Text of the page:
"She has great size and is really, really tall but still mobile," Mitchell said. "She is not a plodding, slow post. She has some great length and can be disruptive around the basket just with her size. The thing we liked most about her is her skillset. She can really run and catch and has great hands. You know, 15- to 17-foot range that is just knockdown deadly and we feel like she can make the 3 enough to keep people honest."
After Kentucky's 116-49 win over Lipscomb on Friday, the Wildcats talked about their near-record-setting night.
They reflected on their impressive streak of four consecutive games with 20-plus assists. They were asked about how eight different players had scored in double figures.
But in the middle of all that, Bria Goss snuck something interesting in as she responded to a question about their improvement at the foul line in the second half.
"Usually when we go into the locker room, Kastine (Evans) makes a list of points of improvement and things we're already doing well," Goss said.
It's a common visual, a coach going to the whiteboard at halftime to highlight areas for a team to improve. For a player to do it is another story, even a senior leader like Evans.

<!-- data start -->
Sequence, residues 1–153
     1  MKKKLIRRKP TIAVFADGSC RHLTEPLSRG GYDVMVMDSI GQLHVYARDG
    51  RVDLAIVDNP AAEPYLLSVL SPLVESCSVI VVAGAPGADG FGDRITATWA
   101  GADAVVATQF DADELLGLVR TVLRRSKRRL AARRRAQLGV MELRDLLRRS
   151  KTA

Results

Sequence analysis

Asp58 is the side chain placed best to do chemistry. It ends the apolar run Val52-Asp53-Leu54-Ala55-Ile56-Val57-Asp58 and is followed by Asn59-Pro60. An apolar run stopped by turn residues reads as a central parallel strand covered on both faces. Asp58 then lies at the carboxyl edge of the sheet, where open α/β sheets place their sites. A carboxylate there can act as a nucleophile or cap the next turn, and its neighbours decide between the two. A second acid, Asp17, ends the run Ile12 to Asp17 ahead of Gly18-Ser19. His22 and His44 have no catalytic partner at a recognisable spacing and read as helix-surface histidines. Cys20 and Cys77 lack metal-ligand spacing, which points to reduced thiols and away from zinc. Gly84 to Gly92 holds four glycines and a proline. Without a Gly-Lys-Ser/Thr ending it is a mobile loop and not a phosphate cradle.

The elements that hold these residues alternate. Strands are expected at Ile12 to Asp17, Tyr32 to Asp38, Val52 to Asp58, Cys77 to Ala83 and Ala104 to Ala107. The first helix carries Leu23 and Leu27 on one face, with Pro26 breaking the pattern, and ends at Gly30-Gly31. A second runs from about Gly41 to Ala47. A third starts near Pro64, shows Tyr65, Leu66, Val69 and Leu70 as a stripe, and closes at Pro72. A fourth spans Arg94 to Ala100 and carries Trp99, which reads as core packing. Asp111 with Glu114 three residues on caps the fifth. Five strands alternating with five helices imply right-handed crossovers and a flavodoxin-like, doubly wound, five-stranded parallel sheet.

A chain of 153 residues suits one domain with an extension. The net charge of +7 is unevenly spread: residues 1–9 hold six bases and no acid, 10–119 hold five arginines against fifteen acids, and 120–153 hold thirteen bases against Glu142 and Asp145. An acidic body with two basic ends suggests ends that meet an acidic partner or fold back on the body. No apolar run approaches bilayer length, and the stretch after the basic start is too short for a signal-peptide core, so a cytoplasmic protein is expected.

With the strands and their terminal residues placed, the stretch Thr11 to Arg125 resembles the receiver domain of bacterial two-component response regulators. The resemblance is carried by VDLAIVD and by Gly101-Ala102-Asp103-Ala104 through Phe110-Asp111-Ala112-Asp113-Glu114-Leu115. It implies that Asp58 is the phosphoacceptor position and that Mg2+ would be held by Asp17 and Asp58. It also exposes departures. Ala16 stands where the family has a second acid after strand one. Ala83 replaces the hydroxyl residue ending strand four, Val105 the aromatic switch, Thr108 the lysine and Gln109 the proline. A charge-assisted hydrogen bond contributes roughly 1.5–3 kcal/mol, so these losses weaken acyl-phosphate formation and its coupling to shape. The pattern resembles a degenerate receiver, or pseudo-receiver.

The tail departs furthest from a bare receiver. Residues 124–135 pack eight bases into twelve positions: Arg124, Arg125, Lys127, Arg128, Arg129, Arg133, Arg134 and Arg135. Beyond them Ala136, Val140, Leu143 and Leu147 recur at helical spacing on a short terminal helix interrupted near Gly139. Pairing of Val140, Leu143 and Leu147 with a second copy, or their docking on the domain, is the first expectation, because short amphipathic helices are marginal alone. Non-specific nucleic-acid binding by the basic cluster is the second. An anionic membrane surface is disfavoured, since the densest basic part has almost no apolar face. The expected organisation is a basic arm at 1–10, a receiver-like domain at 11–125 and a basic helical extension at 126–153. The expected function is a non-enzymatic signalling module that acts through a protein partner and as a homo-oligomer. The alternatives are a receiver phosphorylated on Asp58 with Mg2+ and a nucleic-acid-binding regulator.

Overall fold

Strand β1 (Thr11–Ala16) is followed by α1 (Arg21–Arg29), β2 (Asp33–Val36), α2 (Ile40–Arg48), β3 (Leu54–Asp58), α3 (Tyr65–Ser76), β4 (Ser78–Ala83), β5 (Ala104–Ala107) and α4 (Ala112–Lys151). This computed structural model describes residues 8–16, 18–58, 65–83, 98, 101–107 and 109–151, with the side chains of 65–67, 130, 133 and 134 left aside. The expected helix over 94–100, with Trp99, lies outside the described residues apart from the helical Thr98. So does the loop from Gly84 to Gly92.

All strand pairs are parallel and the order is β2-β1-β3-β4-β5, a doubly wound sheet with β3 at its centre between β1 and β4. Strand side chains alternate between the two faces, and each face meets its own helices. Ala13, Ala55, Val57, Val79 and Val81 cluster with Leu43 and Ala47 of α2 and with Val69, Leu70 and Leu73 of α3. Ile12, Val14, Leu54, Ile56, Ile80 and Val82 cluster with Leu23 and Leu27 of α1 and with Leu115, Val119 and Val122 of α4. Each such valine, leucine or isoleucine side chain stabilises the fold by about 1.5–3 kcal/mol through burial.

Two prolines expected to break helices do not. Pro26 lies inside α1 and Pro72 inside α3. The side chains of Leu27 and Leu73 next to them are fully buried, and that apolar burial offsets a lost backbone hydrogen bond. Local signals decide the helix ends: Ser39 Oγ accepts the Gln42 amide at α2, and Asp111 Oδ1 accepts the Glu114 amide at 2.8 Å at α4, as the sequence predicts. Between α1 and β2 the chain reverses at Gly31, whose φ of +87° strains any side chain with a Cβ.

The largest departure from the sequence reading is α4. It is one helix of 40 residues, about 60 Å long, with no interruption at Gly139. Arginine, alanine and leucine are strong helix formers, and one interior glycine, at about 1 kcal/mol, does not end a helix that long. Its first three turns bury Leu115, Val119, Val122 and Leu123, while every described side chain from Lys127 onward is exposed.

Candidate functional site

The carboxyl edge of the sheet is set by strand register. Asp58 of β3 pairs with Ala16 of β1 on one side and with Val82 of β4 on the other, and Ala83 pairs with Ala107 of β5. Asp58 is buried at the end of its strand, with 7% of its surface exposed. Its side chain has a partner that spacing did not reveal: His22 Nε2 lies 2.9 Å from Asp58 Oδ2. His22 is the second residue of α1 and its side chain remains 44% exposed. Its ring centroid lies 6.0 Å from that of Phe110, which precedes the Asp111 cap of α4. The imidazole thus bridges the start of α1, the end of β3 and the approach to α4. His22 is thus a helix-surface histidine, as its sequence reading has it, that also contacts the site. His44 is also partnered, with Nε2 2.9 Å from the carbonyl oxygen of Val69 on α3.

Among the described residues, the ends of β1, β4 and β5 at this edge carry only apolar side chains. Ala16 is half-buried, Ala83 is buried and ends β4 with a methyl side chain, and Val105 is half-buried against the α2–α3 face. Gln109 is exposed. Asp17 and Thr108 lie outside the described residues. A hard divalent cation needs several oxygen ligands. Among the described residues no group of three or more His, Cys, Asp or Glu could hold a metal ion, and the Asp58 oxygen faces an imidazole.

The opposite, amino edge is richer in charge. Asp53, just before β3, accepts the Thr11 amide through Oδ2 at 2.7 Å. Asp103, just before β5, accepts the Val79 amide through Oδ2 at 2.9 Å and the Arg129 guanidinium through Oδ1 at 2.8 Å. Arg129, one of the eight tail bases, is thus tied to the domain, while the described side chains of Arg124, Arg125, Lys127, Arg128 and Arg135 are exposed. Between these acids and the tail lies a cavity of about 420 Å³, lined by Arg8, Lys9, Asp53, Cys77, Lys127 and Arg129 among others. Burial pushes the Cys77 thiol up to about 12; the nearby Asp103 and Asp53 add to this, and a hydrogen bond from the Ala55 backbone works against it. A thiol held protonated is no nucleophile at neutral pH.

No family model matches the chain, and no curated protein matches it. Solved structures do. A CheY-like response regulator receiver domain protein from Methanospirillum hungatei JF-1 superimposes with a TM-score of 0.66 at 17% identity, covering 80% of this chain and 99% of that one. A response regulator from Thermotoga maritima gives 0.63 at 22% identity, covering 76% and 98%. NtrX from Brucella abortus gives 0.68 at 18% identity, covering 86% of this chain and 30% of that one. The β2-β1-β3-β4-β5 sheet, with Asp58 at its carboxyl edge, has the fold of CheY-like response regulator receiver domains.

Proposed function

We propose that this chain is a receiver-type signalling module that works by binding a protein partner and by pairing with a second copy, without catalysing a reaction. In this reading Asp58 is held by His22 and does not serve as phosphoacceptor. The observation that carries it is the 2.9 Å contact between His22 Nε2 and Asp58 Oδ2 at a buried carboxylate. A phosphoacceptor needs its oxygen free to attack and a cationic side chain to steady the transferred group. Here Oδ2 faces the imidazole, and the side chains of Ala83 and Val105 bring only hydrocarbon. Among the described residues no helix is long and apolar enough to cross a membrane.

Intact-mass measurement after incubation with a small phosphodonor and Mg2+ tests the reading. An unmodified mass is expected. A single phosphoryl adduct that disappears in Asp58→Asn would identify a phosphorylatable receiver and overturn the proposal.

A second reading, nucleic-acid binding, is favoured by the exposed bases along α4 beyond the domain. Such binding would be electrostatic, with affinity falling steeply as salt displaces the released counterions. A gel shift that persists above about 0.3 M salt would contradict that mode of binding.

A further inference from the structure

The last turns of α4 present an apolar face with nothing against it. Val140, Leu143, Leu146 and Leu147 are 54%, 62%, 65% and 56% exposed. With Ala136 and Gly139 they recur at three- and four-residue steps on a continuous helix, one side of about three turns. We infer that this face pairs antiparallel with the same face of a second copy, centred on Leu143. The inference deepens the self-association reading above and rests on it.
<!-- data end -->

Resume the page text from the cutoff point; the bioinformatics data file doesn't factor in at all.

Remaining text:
It turns out, however, that it's not a new thing for UK Hoops.
Matthew Mitchell started it a few years back as he searched for ways to maximize the 15 minutes the Cats spend in the locker room for halftime. With that goal in mind, Mitchell directed his players to gather and assess the first half as the coaches did the same on their own.
"We just wanted to make sure that no matter if you are up or down or where you are, you will have some positive points and some points for improvement in the second half," Mitchell said. "That gives the players more of a focus while we're trying to get our thoughts collected."